Speeding tickets are one of the most common traffic offenses in Ontario. In 2019, police officers issued more than 200 000 tickets in Toronto alone. It’s no surprise either. Most of us have experienced driving along an empty road and letting yourself inch past the limit because we think we know we are safe. However, speeding tickets can seriously damage your driving record and hike up your insurance rates more than we give them credit for. In this article, we’ll break down how much a speeding ticket will cost you, how speeding tickets affect your driving record, and what their impact is on your insurance.
How much is a speeding ticket in Ontario?
There are four tiers of speeding tickets in the province of Ontario:
0-15 km over the speed limit
16-29 km over the speed limit
30-49 km over the speed limit
50 or more km over the speed limit
Each of these categories are associated with differing amounts of risk. The faster you are going, the more reckless your driving and the steeper the penalty. If you are caught speeding in traffic zones with limited speed limits such as school zones or community zones, the fines will be even more elevated. Here’s the breakdown for how much you would have to pay for a speeding ticket in Ontario as per the provincial court:
1-19 km over the maximum speed limit: $2.50 per km
20-29 km over the maximum speed limit: $3.75 per km
30-49 km over the maximum speed limit: $6.00 per km
50 km or more over the maximum speed limit: No settlement payment, you will be required to appear in court.
1-19 km over the maximum speed limit: $5.00 per km
20-29 km over the maximum speed limit: $7.50 per km
30 or more km over the maximum speed limit: No settlement payment, you will be required to appear in court.
So, as an example, if you were driving at 80km/hour in a 60 km/hour zone, you will face a fine of $75.00 (20×3.75). In a school zone, this would increase to $150.
How long does a speeding ticket stay on your record
According to the current Highway Traffic Act applied in Ontario, speeding infractions will remain on your driving record from three years after the day of your conviction. This is not the date you received your ticket. In order to accept your conviction and take responsibility, you must pay the fine. So the three years actually begins from the day you pay your speeding fine or appear in traffic court. Depending on how fast you were speeding, you will get differing demerit points.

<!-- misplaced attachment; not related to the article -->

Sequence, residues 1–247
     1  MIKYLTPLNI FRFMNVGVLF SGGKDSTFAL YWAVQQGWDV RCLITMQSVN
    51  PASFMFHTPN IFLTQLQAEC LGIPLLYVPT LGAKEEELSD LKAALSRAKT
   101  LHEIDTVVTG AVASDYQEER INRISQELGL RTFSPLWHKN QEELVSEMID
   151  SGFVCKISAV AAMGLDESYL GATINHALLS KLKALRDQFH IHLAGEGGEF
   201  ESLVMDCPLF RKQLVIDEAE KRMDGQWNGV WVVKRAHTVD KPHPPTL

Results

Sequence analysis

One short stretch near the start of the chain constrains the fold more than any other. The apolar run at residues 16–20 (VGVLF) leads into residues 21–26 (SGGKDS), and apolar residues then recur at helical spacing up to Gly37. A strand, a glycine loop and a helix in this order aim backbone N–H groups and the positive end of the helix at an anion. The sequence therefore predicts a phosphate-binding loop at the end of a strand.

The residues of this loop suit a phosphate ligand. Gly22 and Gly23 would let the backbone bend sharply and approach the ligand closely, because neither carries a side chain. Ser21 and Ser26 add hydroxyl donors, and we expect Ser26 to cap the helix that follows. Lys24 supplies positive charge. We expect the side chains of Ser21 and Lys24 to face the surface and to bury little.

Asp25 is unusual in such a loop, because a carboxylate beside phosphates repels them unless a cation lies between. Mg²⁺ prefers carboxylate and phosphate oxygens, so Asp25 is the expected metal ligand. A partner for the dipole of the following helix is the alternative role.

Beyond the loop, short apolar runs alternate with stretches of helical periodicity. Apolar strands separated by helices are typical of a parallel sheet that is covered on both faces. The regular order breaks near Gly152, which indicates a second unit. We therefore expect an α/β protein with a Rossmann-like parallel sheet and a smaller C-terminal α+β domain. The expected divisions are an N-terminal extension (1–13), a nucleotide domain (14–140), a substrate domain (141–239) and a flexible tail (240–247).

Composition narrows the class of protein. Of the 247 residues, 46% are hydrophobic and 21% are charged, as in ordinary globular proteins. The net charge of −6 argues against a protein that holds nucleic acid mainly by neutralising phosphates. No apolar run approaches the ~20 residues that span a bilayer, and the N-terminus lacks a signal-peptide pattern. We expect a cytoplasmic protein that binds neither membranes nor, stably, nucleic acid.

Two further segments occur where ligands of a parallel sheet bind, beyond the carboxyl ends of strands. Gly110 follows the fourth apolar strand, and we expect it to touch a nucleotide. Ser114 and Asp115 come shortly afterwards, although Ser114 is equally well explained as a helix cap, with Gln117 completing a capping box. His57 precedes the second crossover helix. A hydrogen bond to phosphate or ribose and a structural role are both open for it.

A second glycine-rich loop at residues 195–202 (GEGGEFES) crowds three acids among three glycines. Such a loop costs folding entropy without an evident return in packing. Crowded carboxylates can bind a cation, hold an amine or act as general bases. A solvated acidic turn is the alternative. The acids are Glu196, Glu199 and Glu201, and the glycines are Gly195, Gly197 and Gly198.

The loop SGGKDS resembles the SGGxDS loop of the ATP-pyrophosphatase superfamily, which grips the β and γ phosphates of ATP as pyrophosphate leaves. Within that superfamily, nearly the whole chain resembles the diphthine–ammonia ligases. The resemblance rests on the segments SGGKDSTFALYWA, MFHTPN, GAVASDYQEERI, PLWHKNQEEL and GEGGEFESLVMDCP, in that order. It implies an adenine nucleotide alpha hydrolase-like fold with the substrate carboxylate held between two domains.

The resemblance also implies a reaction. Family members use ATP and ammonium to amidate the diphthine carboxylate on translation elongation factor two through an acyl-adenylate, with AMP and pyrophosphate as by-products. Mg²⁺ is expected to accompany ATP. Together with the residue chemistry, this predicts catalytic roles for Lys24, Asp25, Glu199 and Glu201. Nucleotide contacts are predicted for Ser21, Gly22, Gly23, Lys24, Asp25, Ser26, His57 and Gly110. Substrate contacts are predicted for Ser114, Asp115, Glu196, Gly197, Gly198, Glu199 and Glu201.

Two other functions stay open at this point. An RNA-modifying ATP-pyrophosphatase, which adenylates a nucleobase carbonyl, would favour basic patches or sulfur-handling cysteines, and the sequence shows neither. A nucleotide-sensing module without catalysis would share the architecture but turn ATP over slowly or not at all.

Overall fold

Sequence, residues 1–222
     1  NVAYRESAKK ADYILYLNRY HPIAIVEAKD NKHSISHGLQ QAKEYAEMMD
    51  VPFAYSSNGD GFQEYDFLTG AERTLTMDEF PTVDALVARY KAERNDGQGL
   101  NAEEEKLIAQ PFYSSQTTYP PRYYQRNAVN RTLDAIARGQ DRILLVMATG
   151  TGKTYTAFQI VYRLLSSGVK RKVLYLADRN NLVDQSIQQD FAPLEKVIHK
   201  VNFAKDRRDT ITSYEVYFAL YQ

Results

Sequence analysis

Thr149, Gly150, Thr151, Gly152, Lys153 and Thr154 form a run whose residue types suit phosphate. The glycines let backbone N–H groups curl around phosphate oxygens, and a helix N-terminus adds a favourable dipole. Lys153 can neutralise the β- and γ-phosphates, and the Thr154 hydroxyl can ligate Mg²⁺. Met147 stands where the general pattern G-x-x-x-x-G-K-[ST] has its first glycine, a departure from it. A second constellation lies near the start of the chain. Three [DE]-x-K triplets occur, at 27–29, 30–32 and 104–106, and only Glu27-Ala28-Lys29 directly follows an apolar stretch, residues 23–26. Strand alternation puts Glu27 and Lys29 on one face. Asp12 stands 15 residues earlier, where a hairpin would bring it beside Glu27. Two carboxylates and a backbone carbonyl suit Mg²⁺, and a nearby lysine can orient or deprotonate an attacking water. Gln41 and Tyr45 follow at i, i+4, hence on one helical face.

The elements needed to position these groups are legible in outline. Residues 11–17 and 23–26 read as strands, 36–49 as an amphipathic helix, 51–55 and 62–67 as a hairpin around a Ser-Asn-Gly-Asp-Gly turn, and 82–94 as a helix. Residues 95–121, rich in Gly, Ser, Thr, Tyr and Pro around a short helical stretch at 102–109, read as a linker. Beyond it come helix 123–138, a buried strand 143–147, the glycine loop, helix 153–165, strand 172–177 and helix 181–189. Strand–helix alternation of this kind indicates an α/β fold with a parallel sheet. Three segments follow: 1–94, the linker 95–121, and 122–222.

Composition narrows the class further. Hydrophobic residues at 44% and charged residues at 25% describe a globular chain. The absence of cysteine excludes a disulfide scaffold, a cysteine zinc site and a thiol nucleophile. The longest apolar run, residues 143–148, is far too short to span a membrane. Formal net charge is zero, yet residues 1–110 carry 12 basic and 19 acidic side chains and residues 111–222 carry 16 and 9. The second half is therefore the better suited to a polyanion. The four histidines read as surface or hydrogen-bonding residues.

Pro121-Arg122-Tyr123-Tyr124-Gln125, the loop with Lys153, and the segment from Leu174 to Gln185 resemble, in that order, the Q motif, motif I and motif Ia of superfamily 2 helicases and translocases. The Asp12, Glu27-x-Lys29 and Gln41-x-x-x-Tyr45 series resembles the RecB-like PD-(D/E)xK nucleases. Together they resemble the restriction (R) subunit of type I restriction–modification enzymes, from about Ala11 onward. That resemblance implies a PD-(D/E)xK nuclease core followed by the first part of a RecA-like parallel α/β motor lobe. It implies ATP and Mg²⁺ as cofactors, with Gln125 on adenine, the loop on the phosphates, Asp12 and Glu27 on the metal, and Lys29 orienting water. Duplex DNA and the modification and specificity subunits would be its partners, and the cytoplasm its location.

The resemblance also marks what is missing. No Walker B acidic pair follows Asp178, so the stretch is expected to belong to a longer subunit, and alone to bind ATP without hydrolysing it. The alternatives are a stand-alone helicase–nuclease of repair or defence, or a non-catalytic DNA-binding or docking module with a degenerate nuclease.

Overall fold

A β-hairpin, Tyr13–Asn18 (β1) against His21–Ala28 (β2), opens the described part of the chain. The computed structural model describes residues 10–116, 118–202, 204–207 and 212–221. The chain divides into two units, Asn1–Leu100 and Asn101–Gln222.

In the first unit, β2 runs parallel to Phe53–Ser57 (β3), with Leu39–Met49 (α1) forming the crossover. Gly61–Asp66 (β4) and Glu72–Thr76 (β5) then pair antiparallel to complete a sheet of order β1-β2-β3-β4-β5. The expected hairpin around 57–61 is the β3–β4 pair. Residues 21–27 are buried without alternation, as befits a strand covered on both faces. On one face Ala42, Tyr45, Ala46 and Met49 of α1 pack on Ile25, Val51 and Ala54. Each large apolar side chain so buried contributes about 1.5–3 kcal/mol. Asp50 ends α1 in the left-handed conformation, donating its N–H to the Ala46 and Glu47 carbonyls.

Demerit points for speeding tickets in Ontario
Speeding up to 15 km over the maximum limit will not earn you demerit points.
Going 16-29 km over the maximum limit is 3 demerit points.
Going 30-49 km over the maximum limit is 4 demerit points.
Going 50 or more km over the maximum limit is 6 demerit points.
Demerit points stay on your license for two years following the offense. After two years, the demerits will be removed, although as mentioned above, a record of the offense will remain for an additional year. If you accumulate enough demerit points in Ontario, your license will be suspended.
How will a speeding ticket affect my insurance rate?
A speeding ticket will affect your insurance rate for as long as the offense remains on your record, that is to say, 3 years. The good news is that the increase in your insurance is proportional to the offense. So, a single ticket if you are caught speeding at 10 km over the maximum limit likely will not impact your insurance premium, unless you are considered a higher risk driver (usually young or elederly drivers). However, insurance companies pay close attention to high risk behaviour and penalize extensively for major convictions. Speeding at 50 or more km over the speed limit, or speeding in a safety zone are considered serious offences and will cause your insurance rates to spike by as much as 25%.